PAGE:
Since launching the Web Tracking Form several years ago, we’ve been pleased with our ability to track user requests for web help. However, the tracking form doesn’t allow us to collect adequate detail on requests for new website projects.

Enter a new form! Beginning this fall, we ask that if you are interested in launching new website (or a significant redesign), you fill out our Web Project Intake Form.  The form will give us basic information that will help inform our initial meeting as well as schedule your project for timely completion.

Prefer the personal touch? Feel free to give one of us a call to discuss your project in person. (But don’t be offended if we ask you to fill out the form anyway.)

As always, thanks for your cooperation and we look forward to working with you on your next project.

Campus Communications Recommendations

In March 2011, the Office of Communications and Public Affairs and Information Technology Services convened an ad-hoc workgroup to examine current modes of communication with the W&L community, specifically Campus Notices, the online calendar and dashboard pages for Current Students and Faculty/Staff, and determine how W&L can improve or augment these tools.

The workgroup began by considering the following questions:

  • How do members of the W&L community get most of their information about what’s happening on campus?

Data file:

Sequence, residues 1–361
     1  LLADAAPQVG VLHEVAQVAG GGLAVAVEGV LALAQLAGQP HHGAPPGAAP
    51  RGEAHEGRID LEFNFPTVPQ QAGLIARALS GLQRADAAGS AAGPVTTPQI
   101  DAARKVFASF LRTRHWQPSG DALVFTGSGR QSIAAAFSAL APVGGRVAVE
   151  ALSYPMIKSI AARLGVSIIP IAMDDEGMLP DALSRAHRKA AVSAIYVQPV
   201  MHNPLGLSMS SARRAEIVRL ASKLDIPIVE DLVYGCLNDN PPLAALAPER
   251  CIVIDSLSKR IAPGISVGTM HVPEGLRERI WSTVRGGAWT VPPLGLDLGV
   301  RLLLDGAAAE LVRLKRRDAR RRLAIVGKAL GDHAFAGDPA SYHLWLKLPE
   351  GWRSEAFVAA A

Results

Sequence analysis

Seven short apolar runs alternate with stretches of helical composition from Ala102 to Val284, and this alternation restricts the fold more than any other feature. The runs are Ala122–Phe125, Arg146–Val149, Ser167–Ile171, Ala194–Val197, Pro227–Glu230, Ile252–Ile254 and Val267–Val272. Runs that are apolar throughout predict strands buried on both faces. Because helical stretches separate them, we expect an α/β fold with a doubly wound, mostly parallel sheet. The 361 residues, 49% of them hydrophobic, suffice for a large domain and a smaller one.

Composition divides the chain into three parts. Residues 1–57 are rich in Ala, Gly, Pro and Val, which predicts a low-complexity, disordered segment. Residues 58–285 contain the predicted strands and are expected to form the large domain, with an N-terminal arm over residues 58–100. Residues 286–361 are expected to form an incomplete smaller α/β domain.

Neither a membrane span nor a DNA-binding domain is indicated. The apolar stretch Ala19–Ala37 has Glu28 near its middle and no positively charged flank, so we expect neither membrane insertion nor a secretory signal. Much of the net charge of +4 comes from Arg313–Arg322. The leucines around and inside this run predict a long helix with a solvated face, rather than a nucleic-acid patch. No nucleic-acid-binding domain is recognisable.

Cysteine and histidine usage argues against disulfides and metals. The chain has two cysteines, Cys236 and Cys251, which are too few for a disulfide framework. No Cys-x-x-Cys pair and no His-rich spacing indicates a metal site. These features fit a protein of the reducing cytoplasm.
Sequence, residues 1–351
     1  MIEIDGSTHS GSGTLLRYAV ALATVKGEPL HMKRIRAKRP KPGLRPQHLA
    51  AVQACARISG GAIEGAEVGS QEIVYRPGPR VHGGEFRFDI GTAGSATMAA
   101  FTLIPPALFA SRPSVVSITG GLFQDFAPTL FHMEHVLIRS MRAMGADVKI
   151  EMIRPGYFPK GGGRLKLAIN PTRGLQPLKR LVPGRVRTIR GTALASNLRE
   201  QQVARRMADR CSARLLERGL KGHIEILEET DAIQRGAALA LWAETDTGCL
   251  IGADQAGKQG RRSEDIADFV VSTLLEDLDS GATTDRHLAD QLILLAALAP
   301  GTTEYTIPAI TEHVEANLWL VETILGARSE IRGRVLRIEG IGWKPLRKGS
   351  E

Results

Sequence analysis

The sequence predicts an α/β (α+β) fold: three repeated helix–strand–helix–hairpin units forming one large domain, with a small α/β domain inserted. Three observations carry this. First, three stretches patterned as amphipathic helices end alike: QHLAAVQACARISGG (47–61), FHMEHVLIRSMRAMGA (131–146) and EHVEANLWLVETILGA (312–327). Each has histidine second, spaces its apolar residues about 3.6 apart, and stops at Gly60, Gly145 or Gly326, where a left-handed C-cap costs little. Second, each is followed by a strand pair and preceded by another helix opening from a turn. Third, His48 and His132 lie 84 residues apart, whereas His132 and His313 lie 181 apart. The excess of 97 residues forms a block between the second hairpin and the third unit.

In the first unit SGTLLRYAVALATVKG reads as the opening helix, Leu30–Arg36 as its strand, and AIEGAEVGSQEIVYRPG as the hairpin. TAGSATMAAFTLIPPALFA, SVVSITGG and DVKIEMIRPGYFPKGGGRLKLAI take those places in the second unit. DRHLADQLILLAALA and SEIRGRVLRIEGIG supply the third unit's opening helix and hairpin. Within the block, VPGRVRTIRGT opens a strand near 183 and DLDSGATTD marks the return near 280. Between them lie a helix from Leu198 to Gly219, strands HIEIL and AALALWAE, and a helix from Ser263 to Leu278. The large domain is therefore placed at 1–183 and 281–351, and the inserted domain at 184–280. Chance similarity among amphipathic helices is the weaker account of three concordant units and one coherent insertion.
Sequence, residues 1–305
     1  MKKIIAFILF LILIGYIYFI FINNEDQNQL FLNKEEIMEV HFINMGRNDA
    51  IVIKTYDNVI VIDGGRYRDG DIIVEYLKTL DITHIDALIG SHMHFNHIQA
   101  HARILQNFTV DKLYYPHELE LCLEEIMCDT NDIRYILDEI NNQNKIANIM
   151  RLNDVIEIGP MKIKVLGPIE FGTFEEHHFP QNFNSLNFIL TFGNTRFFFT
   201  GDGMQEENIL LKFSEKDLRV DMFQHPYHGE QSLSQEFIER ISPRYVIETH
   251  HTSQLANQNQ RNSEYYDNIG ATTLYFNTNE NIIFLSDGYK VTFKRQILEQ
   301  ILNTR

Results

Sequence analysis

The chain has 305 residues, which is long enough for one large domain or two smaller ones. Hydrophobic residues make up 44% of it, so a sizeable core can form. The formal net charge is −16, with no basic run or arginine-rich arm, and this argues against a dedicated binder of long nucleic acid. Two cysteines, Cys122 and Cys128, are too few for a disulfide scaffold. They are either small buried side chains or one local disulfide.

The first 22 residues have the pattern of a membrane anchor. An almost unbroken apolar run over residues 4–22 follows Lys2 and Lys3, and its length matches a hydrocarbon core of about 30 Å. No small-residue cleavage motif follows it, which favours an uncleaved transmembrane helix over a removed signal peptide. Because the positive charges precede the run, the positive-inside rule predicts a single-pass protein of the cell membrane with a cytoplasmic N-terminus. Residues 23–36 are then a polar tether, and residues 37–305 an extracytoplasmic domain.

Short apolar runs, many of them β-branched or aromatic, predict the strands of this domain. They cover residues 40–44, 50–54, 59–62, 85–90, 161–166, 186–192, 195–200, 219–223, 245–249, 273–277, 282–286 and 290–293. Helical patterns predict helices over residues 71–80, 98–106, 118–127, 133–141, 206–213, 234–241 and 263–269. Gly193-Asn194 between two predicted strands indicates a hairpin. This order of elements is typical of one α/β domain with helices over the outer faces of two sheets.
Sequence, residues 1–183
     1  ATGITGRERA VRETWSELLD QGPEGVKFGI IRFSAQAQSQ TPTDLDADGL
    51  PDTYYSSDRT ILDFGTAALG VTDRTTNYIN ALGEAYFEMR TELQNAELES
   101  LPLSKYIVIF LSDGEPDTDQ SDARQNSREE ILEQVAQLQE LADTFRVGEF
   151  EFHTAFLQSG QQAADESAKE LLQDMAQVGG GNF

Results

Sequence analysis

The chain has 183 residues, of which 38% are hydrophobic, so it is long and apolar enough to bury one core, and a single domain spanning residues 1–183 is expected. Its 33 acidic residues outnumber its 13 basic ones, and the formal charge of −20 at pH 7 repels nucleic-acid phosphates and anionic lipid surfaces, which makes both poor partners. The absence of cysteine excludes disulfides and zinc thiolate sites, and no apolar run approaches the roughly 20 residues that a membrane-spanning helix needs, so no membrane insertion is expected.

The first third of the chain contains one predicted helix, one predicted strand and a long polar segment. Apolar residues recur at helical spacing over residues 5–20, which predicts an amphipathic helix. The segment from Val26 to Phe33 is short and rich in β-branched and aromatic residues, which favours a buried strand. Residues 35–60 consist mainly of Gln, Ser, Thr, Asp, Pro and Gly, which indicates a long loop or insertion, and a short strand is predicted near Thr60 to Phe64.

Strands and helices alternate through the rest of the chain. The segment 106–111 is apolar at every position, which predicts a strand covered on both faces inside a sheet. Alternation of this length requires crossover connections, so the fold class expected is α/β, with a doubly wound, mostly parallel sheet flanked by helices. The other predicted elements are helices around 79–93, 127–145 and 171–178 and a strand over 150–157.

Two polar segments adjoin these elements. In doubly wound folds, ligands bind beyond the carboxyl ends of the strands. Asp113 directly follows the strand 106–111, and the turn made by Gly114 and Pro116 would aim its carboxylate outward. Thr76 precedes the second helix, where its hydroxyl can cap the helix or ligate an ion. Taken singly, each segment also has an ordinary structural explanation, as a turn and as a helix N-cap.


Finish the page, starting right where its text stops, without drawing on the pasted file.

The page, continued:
• What are the major frustrations with our current modes of communication, and what’s working well?
  • Are there ways in which we’re not communicating that we should be? (i.e. social media, online communities, portal/intranet)

One of the workgroup’s first actions was to design and distribute a campus communications survey, which was taken by over 275 members of the campus community.

Upon completion of the survey, members of the workgroup conducted focus groups with faculty/staff and current students, and presented the survey results to two Town Hall information sessions as well as the ITS’s Technology Liaison’s group, gathering additional, anecdotal feedback to augment the survey results.

After meeting to discuss the results of the survey, focus groups and information sessions, the workgroup made the following  recommendations:

Campus Notices:

  • Better integration with online calendar
  • Further segmentation of categories
  • Allow opt in/out of some categories
  • Standardize display text
  • Better mobile display

Audience Dashboards

  • Better promotion
  • Redesign top tab section
  • Expand/minimize sections
  • List more events
  • Add Custom Quicklinks
  • Create mobile app/display
  • Less “official” look and feel for student dashboard

Based on these recommendations, members of Web Communications and ITS will work this summer to create a new Campus Communications Hub (CCH) which will tie together the online calendar, campus notices, hours of operation and daily menus for on-campus dining facilities. Any information entered in this space will be distributed through multiple channels (online calendar, campus notices, audience dashboards, departmental websites, University homepage), which should both eliminate redundancies and ensure that the messages reach the widest audience. We hope to roll out the new system before the end of fall term.